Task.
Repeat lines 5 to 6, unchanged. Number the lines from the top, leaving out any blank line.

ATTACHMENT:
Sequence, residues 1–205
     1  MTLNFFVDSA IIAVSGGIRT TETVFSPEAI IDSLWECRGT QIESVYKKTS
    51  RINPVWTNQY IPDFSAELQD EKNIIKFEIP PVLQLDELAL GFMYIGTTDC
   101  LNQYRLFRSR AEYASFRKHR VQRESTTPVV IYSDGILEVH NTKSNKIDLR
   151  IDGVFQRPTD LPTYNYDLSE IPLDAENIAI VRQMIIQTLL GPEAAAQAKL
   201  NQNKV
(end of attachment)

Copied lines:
   151  IDGVFQRPTD LPTYNYDLSE IPLDAENIAI VRQMIIQTLL GPEAAAQAKL
   201  NQNKV